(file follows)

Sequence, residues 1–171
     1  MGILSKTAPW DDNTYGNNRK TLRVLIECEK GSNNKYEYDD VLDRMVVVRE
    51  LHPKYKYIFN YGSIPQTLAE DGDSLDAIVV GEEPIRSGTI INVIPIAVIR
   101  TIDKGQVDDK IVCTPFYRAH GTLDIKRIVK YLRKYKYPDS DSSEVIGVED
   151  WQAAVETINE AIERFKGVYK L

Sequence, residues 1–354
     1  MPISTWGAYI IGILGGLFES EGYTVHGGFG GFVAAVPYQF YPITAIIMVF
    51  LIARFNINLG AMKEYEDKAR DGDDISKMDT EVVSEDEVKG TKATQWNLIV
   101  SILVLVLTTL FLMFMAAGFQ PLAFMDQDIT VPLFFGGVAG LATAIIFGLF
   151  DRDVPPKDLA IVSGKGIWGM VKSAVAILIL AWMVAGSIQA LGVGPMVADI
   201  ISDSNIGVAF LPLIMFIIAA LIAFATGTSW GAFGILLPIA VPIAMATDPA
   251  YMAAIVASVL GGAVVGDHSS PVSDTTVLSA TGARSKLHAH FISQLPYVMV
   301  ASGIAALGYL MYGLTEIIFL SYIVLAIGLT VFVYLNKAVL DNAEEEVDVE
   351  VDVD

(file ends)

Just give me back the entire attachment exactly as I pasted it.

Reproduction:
Sequence, residues 1–171
     1  MGILSKTAPW DDNTYGNNRK TLRVLIECEK GSNNKYEYDD VLDRMVVVRE
    51  LHPKYKYIFN YGSIPQTLAE DGDSLDAIVV GEEPIRSGTI INVIPIAVIR
   101  TIDKGQVDDK IVCTPFYRAH GTLDIKRIVK YLRKYKYPDS DSSEVIGVED
   151  WQAAVETINE AIERFKGVYK L

Sequence, residues 1–354
     1  MPISTWGAYI IGILGGLFES EGYTVHGGFG GFVAAVPYQF YPITAIIMVF
    51  LIARFNINLG AMKEYEDKAR DGDDISKMDT EVVSEDEVKG TKATQWNLIV
   101  SILVLVLTTL FLMFMAAGFQ PLAFMDQDIT VPLFFGGVAG LATAIIFGLF
   151  DRDVPPKDLA IVSGKGIWGM VKSAVAILIL AWMVAGSIQA LGVGPMVADI
   201  ISDSNIGVAF LPLIMFIIAA LIAFATGTSW GAFGILLPIA VPIAMATDPA
   251  YMAAIVASVL GGAVVGDHSS PVSDTTVLSA TGARSKLHAH FISQLPYVMV
   301  ASGIAALGYL MYGLTEIIFL SYIVLAIGLT VFVYLNKAVL DNAEEEVDVE
   351  VDVD